Landlord and tenant law regarding commercial property
Usually the most important feature of commercial landlord and tenant law is security of tenure.
Under landlord and tenant law for commercial properties, commercial tenants benefit from security of tenure under the Landlord and Tenant Act 1954 (LTA).
Security of tenure
In essence, security of tenure means that tenants have the right to request a new tenancy from their landlord. Security of tenure will only apply when there is a tenancy, occupation by the tenant in the named property and the tenant must be of a business nature.
If this is satisfied then under Section 24 of the LTA the commercial tenant can apply for a new lease and the current lease they have in place with their landlord will not expire on the contractual expiry date.
Can landlords get out of the Act?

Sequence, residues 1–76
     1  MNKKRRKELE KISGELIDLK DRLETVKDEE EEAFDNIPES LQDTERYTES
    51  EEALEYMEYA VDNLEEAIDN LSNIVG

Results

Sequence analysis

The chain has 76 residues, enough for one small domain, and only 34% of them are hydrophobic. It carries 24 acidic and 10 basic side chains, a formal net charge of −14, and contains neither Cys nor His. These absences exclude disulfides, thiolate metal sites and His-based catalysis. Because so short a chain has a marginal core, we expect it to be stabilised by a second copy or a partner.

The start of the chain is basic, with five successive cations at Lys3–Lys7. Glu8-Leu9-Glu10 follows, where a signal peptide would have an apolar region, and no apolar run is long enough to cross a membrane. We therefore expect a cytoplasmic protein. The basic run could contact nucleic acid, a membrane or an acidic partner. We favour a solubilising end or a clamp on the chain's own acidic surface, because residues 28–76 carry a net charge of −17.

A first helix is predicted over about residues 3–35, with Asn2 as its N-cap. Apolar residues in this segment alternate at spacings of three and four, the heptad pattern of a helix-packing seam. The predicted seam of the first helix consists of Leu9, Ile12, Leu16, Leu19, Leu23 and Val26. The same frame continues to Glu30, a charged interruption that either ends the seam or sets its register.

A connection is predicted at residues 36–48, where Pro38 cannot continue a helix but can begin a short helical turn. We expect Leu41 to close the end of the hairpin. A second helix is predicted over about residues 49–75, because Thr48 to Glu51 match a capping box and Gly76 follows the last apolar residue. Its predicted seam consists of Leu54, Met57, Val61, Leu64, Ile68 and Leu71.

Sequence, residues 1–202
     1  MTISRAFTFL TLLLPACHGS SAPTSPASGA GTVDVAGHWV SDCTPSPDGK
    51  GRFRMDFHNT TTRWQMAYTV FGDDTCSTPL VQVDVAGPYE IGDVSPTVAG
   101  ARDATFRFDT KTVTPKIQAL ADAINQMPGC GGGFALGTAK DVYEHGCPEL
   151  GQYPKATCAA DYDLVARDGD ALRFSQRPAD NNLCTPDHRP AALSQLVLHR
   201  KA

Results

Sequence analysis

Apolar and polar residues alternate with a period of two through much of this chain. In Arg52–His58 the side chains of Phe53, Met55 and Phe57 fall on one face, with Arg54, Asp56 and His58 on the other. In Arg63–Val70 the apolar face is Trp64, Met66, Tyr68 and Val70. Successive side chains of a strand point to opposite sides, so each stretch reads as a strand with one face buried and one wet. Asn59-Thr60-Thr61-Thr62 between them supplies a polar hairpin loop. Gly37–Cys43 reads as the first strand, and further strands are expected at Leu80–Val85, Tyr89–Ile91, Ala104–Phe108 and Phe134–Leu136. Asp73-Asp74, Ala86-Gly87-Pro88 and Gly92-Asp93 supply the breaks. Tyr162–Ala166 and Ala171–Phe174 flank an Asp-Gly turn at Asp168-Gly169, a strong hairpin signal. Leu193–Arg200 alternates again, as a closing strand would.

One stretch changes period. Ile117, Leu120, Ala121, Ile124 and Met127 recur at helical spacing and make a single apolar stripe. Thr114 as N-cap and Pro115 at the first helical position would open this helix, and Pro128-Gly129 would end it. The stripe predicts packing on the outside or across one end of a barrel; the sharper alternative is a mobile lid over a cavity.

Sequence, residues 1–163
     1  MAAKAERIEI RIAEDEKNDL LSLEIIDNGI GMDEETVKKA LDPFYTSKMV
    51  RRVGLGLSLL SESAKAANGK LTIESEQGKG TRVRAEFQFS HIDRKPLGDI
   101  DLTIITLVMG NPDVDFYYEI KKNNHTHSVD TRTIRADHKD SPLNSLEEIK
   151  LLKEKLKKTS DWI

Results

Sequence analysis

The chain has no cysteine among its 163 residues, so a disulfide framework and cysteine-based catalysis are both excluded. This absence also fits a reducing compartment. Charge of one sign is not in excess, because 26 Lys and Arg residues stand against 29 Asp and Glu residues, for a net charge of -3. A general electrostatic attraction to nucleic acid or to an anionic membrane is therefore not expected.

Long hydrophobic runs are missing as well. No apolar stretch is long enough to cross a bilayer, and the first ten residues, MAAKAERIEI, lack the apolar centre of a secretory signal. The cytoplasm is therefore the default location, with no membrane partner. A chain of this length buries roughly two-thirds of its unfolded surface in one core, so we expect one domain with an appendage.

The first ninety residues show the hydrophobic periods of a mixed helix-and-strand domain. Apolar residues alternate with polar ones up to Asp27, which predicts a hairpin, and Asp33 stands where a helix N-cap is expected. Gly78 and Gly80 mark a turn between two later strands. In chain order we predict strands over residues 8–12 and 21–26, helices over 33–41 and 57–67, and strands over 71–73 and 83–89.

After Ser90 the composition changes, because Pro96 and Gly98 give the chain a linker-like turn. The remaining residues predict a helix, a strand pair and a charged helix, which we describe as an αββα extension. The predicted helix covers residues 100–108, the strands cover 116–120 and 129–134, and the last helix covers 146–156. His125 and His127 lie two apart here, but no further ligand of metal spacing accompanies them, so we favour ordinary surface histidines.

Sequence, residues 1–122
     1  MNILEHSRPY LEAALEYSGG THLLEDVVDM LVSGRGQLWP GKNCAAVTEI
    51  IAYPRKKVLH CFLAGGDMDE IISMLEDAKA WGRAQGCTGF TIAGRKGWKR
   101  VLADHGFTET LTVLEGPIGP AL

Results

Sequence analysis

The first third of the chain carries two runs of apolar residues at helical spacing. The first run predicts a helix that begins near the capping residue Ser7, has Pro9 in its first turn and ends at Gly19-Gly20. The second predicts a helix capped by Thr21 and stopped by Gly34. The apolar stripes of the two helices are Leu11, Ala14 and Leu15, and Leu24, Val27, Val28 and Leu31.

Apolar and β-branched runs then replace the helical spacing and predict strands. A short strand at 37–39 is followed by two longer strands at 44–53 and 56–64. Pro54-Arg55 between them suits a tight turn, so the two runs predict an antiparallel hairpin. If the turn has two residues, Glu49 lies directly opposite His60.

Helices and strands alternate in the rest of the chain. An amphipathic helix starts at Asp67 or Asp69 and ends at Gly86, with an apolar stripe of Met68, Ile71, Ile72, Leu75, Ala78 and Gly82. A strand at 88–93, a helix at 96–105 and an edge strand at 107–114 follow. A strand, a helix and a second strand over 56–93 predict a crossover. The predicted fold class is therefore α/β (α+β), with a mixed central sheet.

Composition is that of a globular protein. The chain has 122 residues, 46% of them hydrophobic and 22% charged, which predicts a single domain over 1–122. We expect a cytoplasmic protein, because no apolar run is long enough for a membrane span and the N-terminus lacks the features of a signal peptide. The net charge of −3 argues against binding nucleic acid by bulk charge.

In commercial landlord and tenant law a landlord can contract out of the Landlord and Tenant Act 1954 and in such cases security of tenure will not apply.
There is a strict procedure that must be followed to exclude the Act and unless it is followed correctly the procedure is void and the tenant may make an application. Another consideration that a tenant will need to take into account is that if the landlord has already sent them a Section 25 LTA notice to terminate the tenancy then security of tenure cannot be applied for.
Making an application for security of tenure
Security of tenure applications must be made in writing and be sent to the landlord not less than six months and not more than twelve months before the specified commencement date of the new tenancy.
If you are a commercial tenant or landlord then you should consider getting the advice from the solicitor on matters relating security of tenure. Legal procedures must be followed correctly or else they are held void and a solicitor can best advise to on how to proceed.
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